Valletta is steeped in history. Depicted in its predominantly Baroque architecture, museums, galleries and numerous monuments and statues which all tell their own unique story of different times of Valletta’s history. it’s not surprising that the whole city is a UNESCO World Heritage Site.
Created in 1565 following the Great Siege of Malta, Valletta was named after Jean Parisot de Valette, a French nobleman who became the 49th Grand Master of the Order of Malta after leading the Knights Hospitaller to a successful siege of the island. Described as a ‘city built by gentlemen for gentlemen’. Italian military engineer Francesco Laparelli da Cortona was a highly regarded assistant to Michelangelo prior to being enlisted by the Pope to oversee Valletta’s construction. Both a city and a fortress, the building work of this masterpiece of a city commenced on land (Mount Sceberras) lying between two natural harbours.
An area of nothing but rock, other than a watchtower (St Elmo), quickly began to take shape. Initially assisted by architect and engineer Gerolamo Cassar, Laparelli departed Malta in 1569 leaving Cassar to take over. Cassar immediately went to Italy to further study architecture before returning to Malta to continue with the designing of Valletta’s buildings.
Designed in with a regimental grid formation, the knights worked to Cassar’s architectural plans to produce the city’s initial Mannerist style buildings. With the steeper roads to the rear of Valletta still lined with small steps (making it easier for the knights to embark upon in their heavy armour) and The Grand Master’s Palace, Auberge de Castille and St John’s Co-Cathedral, these are fine examples of Cassar’s work in Valletta and can still be seen today.
Sadly, not seeing Valletta’s completion, Grand Master de Valette passed away in 1568 and shortly after the Knights moved from nearby Birgu and settled in their new district of Valletta. Italian Pietro del Monte became the 50th Grandmaster of the Order of St John, three days after Valette’s passing and continued with the work of creating Valletta.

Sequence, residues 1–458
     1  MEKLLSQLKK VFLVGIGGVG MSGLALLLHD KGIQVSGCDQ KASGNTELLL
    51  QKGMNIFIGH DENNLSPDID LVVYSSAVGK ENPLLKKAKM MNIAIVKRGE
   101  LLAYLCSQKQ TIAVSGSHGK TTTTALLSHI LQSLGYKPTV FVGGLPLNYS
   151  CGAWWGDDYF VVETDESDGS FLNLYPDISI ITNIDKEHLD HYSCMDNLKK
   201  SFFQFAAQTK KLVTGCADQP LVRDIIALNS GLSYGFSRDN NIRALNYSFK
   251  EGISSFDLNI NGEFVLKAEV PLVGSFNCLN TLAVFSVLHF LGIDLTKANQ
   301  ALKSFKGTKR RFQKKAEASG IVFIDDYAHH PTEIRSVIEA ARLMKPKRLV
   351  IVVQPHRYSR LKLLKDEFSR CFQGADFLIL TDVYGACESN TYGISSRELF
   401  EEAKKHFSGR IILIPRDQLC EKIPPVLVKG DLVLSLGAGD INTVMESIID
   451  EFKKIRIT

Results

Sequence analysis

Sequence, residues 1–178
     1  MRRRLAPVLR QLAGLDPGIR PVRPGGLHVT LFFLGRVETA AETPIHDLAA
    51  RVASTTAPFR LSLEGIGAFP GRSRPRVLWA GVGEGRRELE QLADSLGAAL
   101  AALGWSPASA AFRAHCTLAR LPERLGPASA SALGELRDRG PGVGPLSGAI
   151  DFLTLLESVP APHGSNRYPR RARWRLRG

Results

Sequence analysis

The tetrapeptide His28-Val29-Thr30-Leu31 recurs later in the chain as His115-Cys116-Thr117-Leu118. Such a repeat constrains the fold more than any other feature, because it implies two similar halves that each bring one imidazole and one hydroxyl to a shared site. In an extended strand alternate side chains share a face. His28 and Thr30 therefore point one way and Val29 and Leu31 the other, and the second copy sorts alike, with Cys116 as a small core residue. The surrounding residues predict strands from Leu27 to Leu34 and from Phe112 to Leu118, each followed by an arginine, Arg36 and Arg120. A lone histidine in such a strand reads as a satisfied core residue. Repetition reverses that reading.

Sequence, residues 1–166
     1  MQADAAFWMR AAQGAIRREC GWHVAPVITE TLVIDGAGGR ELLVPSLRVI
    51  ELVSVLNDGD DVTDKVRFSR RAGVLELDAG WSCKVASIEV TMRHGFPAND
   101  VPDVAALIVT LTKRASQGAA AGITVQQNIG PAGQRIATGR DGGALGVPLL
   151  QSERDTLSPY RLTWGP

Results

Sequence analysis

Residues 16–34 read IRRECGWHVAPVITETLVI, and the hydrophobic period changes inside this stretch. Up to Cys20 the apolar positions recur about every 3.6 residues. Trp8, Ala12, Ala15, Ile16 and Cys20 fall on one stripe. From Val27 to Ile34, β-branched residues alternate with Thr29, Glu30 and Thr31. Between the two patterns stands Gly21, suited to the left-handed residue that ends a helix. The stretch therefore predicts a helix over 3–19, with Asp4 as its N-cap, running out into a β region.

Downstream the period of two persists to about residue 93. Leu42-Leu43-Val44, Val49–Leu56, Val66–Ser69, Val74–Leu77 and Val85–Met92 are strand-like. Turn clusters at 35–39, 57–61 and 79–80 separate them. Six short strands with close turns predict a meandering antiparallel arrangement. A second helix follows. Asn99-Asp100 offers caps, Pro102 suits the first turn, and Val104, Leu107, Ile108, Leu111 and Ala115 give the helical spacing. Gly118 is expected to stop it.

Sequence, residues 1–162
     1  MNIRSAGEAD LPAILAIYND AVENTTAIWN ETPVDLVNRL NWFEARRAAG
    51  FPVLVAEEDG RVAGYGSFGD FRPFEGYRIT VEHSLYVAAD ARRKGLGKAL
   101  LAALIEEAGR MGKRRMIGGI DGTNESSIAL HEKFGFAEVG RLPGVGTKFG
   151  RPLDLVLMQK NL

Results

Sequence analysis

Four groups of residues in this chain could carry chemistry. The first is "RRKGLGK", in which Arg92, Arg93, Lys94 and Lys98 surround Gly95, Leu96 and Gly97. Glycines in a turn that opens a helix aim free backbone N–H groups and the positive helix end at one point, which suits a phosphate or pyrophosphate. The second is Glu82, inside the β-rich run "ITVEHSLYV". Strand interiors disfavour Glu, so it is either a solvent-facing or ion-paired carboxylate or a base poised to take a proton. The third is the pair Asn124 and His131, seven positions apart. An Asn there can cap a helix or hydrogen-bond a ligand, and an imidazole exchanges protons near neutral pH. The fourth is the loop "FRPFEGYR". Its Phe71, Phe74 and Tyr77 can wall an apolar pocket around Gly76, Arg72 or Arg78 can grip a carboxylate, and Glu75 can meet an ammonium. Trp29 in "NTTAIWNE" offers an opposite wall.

As the Knights of St John’s funding ran low, Valletta’s building work slowed down immensely, however the 17th century saw a financial boom which led to building work commencing again with vigour. Under the direction of new architects, along with new builds, the somewhat plainer buildings became Baroque in style and continued to seep with exuberance.
St John’s Co-Cathedral is a perfect example of the wealth of the time. Built as the conventual church for the knights, the ornately gilded interior boasts only the best works of art donated by the knights adorning the walls and the high arched ceilings. In addition to paintings, there are carvings, sculptures and tapestries all dating back to the 16th century and depicting life at the time. Artist Michelangelo Merisi da Caravaggio fled Rome after killing a man in a duel. Knowing his life was at risk, he learned that The Order was seeking a court painter and Malta immediately became his destination to flee to. In 1608, after spending 12 months in Malta, Caravaggio was accepted into the order as a knight. To this day, St John’s Co-Cathedral is home to Caravaggio’s masterpieces The Beheading of St John the Baptist and St Jerome Writing, both of which attract worldwide visitors daily.
Today Valletta is an eclectic mix of Baroque and modern architecture. From the 16th century Auberge de Castille to the relatively new controversial style Parliament Building at Valletta’s main entrance, a walk around Valletta is nothing more than breath taking. It comes as no surprise that Valletta, one of the smallest capitals in the world, is the 2018 European Capital of Culture.